Most software vendors put their software on a virtual machine and send it to their customers. That means that the customers are on the hook to hire system integrators and other IT personnel to keep that software running — making the entire process of installing and maintaining enterprise software difficult and often expensive.

Gravitational, a company that was part of our Summer 2015 class, launched to the public this week with an answer to this problem: Gravitational helps software companies remotely manage their applications on private infrastructure, making it unnecessary to hire additional people to run complex software on premise. Essentially, Gravitational turns every on-premise installation into a remotely managed service.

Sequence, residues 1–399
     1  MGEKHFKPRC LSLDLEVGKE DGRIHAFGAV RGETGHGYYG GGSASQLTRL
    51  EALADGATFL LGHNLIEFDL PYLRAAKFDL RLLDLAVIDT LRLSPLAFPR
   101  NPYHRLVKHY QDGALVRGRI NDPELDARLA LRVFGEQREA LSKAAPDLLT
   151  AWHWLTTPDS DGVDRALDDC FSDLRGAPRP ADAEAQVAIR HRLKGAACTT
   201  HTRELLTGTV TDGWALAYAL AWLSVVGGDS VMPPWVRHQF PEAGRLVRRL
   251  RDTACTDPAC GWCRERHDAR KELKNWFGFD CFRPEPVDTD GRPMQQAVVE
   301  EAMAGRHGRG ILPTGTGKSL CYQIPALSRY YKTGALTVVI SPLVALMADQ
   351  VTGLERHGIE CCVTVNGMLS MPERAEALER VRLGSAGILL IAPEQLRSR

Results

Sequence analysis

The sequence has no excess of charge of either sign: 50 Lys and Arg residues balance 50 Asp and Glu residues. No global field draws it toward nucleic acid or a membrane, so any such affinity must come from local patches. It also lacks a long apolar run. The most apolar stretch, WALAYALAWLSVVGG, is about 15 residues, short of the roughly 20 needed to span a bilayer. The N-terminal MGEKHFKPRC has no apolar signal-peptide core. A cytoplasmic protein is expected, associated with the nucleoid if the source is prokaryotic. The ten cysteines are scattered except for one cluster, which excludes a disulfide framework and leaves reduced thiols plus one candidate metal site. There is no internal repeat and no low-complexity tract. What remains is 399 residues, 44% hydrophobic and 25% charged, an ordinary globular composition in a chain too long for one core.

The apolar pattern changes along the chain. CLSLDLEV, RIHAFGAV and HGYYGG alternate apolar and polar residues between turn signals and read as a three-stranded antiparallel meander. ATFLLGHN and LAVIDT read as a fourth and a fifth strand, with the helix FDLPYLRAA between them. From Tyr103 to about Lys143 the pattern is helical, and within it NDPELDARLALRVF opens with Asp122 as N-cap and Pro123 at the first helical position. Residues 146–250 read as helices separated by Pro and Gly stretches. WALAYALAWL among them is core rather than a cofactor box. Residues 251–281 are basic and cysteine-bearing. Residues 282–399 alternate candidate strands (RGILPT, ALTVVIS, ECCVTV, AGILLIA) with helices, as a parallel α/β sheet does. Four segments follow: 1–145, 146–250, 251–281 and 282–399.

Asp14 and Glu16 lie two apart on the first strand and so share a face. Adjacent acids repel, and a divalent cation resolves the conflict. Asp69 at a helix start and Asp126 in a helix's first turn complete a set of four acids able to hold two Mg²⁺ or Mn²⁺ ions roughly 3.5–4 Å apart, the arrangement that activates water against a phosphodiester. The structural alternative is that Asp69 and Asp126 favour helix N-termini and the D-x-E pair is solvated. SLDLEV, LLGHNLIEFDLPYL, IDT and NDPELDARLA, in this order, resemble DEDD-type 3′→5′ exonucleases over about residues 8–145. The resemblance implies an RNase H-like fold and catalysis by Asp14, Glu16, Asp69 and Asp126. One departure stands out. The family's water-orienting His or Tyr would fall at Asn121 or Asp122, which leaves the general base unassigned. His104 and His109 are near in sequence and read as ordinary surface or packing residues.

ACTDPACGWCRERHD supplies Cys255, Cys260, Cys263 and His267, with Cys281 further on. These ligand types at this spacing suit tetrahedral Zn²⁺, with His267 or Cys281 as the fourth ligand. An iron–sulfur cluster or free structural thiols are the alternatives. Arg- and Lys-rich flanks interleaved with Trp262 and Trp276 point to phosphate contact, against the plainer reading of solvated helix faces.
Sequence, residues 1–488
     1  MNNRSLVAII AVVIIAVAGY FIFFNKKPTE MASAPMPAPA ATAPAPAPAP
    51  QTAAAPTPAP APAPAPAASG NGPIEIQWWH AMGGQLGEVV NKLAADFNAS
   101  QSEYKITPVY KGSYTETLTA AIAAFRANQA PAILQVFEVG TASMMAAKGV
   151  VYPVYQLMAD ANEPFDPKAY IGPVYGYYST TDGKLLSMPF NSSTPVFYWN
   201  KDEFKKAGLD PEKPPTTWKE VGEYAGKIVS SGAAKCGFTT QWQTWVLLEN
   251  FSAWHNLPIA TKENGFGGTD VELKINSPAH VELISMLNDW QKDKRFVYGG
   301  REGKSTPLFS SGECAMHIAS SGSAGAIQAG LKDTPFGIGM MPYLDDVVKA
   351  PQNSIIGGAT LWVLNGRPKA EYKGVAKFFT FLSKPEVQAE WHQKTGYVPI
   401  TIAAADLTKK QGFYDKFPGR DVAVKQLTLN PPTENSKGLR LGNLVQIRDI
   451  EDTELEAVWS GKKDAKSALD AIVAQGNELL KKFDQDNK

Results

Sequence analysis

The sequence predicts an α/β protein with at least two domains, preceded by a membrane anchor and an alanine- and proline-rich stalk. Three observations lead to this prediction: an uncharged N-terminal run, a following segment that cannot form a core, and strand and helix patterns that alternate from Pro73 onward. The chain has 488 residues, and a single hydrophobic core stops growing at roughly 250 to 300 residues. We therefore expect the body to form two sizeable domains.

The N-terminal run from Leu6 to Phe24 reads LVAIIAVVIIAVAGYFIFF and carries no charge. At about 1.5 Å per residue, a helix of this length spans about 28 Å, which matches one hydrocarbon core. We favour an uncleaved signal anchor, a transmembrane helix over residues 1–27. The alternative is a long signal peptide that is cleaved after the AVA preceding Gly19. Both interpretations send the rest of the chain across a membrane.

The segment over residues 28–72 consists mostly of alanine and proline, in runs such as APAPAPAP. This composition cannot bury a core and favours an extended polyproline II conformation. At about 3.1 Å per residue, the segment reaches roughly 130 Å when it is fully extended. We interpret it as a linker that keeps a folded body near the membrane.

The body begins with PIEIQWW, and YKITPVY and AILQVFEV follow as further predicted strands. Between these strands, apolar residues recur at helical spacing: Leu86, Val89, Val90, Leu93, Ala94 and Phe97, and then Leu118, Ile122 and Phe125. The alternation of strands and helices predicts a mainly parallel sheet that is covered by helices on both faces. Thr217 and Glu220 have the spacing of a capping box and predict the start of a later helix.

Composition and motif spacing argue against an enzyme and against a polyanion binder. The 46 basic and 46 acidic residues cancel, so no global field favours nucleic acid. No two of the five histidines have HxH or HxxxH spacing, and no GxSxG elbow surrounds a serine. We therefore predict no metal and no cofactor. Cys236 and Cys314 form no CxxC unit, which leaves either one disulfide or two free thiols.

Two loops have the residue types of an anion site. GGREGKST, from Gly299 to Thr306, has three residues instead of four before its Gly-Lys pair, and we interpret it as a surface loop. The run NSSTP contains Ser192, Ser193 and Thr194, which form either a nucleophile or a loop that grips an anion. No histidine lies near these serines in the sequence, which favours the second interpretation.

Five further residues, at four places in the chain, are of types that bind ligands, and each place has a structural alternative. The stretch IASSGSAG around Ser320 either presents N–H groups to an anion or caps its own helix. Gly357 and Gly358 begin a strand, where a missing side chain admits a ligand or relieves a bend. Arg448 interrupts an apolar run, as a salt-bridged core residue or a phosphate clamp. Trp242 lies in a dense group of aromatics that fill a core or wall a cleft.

TechCrunch’s Ron Miller wrote a story about Gravitational this week:

“Without a solution like the one from Gravitational, companies would
have to maintain two sets of code, which is simply too costly for most
companies to pull off. That meant these companies were sometimes leaving
deals on the table from customers who wanted a delivery model they
couldn’t offer.

This wasn’t the founders’ first go with Y Combinator, Ev Kontsevoy, Gravitational’s founder told TechCrunch. His first company, Mailgun was a member of the YC Winter 2011 class. It raised $1.2 million, before it was acquired by Rackspace in 2012.

It was through his experience working at Rackspace for several years
after the acquisition that Kontsevoy began to see some
difficult problems facing companies hosting SaaS programs in the cloud,
which would eventually come together and lead him to launch
Gravitational.”

Read the whole story here.